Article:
THURSDAY, May 25, 2006 (HealthDay News) -- Researchers believe they've found a link between the cellular stress caused by free radical molecules and the accumulation of misfolded proteins that may cause neurodegenerative conditions such as Alzheimer's and Parkinson's disease.
A team at the Burnham Institute for Medical Research in La Jolla, Calif., found that overproduction of oxidizing free radicals, specifically nitric oxide (NO), causes inhibition of Protein Disulphide Isomerase (PDI) -- a "chaperone" protein that's necessary for proper protein folding in times of cellular stress.
Inhibition of PDI reduces its neuroprotective benefits for nerve cells, the researchers explained in the May 25 issue of Nature.
The researchers said this is the first study documenting a direct link between NO free radicals and protein misfolding, which is believed to be a common pathway in the development of nearly all neurodegenerative diseases. The finding may help lead to the development of new treatments for these diseases.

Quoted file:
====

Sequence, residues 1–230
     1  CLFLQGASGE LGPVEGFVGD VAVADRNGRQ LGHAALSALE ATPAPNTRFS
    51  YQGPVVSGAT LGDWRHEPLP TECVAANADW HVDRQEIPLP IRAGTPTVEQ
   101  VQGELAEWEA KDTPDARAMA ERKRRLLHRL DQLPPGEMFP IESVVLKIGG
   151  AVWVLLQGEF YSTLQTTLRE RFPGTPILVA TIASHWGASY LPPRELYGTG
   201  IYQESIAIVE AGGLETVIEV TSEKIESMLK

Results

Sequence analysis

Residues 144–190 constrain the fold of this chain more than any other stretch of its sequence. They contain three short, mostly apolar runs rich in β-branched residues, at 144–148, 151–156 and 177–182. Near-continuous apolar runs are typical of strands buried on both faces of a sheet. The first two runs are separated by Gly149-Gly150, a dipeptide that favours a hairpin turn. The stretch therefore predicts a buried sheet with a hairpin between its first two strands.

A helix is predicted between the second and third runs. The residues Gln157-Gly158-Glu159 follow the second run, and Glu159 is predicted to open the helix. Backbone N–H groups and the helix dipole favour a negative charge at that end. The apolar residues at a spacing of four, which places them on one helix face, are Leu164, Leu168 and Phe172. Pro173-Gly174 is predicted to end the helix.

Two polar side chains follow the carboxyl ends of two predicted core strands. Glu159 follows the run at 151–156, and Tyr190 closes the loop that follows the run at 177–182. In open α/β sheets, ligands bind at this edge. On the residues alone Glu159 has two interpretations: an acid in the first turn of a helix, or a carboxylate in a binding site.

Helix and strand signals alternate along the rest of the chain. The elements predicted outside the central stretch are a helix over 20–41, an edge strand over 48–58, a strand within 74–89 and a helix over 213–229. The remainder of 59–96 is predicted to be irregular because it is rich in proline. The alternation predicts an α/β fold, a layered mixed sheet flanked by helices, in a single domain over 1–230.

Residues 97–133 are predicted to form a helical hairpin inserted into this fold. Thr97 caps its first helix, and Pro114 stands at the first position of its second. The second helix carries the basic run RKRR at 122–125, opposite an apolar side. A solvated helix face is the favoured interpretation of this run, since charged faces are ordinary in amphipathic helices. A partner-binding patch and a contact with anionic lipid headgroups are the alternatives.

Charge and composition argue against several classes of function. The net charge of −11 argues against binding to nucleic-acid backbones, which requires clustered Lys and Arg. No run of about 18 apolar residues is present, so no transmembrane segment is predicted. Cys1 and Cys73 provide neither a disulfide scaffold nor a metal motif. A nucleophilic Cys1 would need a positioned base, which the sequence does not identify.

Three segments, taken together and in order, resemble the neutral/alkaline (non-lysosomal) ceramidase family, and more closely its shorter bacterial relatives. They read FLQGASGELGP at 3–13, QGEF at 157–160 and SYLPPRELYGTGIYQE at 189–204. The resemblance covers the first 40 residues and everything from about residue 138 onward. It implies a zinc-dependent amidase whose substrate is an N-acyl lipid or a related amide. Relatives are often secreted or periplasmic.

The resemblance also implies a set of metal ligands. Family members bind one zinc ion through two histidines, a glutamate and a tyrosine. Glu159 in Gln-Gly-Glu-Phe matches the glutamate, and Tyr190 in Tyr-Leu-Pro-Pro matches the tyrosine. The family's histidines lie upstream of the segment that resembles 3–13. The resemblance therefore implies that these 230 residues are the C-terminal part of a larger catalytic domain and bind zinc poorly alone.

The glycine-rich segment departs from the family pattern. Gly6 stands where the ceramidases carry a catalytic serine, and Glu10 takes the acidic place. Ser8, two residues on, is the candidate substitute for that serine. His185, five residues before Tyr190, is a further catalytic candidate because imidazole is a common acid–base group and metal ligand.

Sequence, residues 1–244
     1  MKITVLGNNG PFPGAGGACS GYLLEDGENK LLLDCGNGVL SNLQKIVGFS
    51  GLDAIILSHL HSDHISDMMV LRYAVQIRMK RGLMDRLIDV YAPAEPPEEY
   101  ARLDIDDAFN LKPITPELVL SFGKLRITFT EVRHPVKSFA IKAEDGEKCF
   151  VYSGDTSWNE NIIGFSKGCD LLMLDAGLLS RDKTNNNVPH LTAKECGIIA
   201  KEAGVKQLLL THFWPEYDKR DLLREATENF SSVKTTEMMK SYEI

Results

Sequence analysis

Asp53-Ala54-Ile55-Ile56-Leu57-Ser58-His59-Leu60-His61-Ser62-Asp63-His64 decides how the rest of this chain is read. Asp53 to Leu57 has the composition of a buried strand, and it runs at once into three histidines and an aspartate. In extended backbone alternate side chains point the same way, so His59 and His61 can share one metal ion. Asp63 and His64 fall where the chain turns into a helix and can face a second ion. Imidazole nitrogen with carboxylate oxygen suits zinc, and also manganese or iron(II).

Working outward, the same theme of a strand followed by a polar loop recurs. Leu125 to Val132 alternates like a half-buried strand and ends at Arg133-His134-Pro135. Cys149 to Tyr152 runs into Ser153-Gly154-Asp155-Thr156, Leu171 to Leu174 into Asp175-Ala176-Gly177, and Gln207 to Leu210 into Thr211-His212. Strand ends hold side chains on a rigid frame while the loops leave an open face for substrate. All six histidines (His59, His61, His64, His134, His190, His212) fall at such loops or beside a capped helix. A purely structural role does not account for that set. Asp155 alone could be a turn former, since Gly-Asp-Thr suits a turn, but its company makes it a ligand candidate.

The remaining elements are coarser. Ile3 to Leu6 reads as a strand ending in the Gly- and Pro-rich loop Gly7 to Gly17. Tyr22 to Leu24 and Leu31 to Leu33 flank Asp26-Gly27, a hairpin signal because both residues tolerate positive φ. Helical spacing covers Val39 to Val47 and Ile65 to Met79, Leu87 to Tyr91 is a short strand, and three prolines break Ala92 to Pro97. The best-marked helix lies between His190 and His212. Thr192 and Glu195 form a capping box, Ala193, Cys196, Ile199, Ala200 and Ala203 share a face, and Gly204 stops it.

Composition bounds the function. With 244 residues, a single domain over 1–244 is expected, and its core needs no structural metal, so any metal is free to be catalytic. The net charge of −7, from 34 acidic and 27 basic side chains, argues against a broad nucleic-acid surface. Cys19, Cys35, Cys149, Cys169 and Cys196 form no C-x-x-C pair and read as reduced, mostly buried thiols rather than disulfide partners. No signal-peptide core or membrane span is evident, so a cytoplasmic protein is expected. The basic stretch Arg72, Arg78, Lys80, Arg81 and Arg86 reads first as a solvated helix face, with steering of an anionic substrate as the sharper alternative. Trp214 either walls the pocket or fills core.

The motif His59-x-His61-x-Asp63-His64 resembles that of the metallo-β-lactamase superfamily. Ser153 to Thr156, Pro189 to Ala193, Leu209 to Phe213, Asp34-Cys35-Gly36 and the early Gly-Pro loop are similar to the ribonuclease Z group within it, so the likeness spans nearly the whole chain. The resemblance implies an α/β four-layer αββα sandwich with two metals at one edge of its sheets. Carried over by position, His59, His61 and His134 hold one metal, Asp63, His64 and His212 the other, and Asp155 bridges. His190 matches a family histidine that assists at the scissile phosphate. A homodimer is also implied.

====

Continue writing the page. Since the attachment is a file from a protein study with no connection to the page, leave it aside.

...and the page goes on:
"Our data demonstrate a previously unrecognized relationship between NO and protein misfolding in degenerative disorders, showing that PDI can be a target of NO in cellular models of Parkinson's disease and human neurodegenerative disease," senior author Dr. Stuart A. Lipton, director of the Del E. Webb Center for Neurosciences and Aging at the Burnham Institute, said in a prepared statement.
The U.S. National Institute of Neurological Disorders and Stroke has more about Parkinson's disease.